Our national debt is at an all time high ... nearly 9.5 Trillion dollars, which will be close to double what it was ($5,727,776,738,304.64) by the time George W. Bush leaves office January 20, 2009.
Link: http://www.blueroomlounge.com/; http://zfacts.com/p/318.html
The data is from the historical tables in the 2006 OMB Budget as downloaded from WhiteHouse.gov Historical Tables. The data are plotted without modification. Here is the relevant two page Table 7.1 in PDF format. The data and graph are available in this Excel spreadsheet.
The National Debt as a percentage of Gross Domestic Product (GDP) was actually declining until the Reagan and George H. Bush years when it rose dramatically. During Clinton's term, it once again began to decline. However, during George W. Bush's term, it's risen to 66% of GDP.
According to the National Treasury, our government is spending money faster than it's coming in. All of us normal folks know that you can't reduce your debt if you're spending money faster than you're receiving it. If you want to reduce the debt, you have to tighten the purse strings, cut the waste, stop spending more than you make and start paying off your debt. Apparently, government bureaucrats haven't learned that lesson.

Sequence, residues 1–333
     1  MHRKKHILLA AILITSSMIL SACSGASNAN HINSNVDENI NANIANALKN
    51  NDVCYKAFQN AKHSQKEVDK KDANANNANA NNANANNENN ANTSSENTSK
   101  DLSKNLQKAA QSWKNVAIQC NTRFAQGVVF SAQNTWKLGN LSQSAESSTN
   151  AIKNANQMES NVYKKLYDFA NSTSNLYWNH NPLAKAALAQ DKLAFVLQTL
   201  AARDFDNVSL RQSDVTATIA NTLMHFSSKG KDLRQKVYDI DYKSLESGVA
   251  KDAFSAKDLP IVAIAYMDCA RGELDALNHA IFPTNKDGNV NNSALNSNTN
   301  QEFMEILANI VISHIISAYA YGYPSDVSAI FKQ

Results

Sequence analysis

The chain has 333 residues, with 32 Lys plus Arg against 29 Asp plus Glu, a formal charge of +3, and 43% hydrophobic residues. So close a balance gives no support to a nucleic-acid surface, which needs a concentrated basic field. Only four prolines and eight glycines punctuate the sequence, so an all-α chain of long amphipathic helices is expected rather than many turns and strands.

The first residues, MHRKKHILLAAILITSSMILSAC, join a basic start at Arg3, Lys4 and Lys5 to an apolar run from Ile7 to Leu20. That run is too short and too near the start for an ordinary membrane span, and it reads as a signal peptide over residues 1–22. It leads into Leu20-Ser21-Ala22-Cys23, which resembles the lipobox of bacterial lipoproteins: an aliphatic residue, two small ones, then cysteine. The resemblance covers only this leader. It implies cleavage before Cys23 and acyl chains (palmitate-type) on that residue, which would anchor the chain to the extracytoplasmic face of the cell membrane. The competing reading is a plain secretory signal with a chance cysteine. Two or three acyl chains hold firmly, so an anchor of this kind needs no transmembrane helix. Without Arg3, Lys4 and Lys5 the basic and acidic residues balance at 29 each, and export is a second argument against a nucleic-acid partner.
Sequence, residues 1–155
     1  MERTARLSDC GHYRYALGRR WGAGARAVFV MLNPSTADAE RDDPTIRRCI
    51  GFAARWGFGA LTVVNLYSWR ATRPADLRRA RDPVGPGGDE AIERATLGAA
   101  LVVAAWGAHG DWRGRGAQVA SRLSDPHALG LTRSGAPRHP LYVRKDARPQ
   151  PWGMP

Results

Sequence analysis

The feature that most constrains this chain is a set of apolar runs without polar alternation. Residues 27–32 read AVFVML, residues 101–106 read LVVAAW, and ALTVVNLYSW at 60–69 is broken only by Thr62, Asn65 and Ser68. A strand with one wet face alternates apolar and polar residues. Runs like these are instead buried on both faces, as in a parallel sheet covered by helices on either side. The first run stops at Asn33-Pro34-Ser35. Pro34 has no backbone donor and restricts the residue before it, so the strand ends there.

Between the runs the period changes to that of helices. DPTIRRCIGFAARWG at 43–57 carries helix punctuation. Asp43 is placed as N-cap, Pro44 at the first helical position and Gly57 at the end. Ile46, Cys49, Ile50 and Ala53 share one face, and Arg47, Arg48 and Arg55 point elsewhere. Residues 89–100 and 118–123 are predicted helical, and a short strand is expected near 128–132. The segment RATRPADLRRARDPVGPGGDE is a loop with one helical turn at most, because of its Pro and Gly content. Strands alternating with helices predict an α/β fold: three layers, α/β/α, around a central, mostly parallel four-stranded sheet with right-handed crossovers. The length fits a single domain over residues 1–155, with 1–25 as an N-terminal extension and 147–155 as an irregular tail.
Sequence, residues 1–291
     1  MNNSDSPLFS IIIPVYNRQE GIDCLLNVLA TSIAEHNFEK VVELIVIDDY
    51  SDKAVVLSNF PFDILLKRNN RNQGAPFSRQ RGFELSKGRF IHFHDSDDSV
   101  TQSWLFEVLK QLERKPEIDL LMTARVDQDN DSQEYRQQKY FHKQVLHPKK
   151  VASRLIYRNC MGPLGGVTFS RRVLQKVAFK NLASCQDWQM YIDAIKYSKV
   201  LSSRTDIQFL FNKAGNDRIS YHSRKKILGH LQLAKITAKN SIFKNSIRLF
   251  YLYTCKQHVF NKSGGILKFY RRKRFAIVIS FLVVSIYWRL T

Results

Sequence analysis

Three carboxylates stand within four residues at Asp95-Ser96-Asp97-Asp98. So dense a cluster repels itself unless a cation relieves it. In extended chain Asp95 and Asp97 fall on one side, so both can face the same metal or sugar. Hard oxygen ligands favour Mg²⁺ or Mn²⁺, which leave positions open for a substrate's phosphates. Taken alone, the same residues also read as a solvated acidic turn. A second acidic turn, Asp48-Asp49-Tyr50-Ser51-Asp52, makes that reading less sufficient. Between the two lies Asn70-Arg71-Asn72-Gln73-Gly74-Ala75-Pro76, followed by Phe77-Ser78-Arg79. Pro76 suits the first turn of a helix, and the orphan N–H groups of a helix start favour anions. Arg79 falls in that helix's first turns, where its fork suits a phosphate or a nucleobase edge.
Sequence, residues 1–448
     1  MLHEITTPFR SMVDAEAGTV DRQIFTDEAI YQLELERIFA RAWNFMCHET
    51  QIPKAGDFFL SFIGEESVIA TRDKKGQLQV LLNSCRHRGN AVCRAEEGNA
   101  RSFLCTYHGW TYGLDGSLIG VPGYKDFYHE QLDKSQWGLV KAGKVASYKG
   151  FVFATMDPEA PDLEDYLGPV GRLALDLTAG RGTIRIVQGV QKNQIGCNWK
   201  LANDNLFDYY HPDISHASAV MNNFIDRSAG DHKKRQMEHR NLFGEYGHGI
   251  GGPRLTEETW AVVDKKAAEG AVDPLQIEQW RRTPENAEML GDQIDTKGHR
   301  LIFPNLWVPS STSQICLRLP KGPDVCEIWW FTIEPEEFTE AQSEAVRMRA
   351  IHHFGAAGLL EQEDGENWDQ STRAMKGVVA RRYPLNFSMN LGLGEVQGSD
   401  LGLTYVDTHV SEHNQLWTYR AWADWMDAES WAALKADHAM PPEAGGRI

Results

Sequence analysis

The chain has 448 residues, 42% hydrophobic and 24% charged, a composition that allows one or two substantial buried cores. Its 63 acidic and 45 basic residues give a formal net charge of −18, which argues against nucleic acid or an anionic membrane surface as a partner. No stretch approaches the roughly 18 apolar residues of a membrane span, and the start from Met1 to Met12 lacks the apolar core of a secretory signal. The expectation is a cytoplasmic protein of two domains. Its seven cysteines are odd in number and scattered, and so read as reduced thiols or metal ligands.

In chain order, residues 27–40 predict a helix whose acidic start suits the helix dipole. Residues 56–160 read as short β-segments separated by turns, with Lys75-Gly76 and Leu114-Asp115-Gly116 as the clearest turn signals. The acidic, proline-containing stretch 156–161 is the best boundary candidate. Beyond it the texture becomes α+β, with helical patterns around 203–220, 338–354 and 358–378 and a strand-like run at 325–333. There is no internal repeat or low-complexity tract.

If you really want to keep tabs on just how fast the government is spending in terms of the National debt, the best site I've found is "The Skeptical Optimist." Widgets on that site update the Total National Debt, the Gross Domestic Product (GDP) and the ratio of National Debt to GDP twice each second.
The National Debt is in the Trillions! That's kind of hard to wrap your head around. $9,500,000,000,000 ... that's a lot of zeros, so let's see if we can make that number a bit more personal. Let's look at that number in relationship to the U.S. Population, which is estimated to be 303,824,646 by July 2008. If we divide the population number into the debt, that means every man, woman and child in the U.S. is in debt to the tune of $31,268 each.
Now, if we look at the two presumptive candidates and where they want to take us economically, McCain wants to extend the Bush tax cuts, and Obama wants to end them (which means that some folks are going to see some tax increases ... an unpopular concept in an election year). Given where we're at today ... the housing market in crisis, the mortgage industry in crisis, gas prices are through the roof, the energy policy is in conflict with the farm policy and food prices are skyrocketing ... do you honestly think the Reagan/Bush economics policies of yet another Republican presidency would somehow turn everything around, reduce the National Debt to GDP ratio and make things just hunky-dory? I, for one, don't think so. I'm also concerned that should Democrat Obama prevail, he'd better take a good hard look at a large number of government programs and cut or scrap programs that no longer make good economic sense, especially if he intends to add additional spending for a national health care program. Adding health care funding to an already bloated governmental budget will do anything but reduce the Debt to GDP ratio.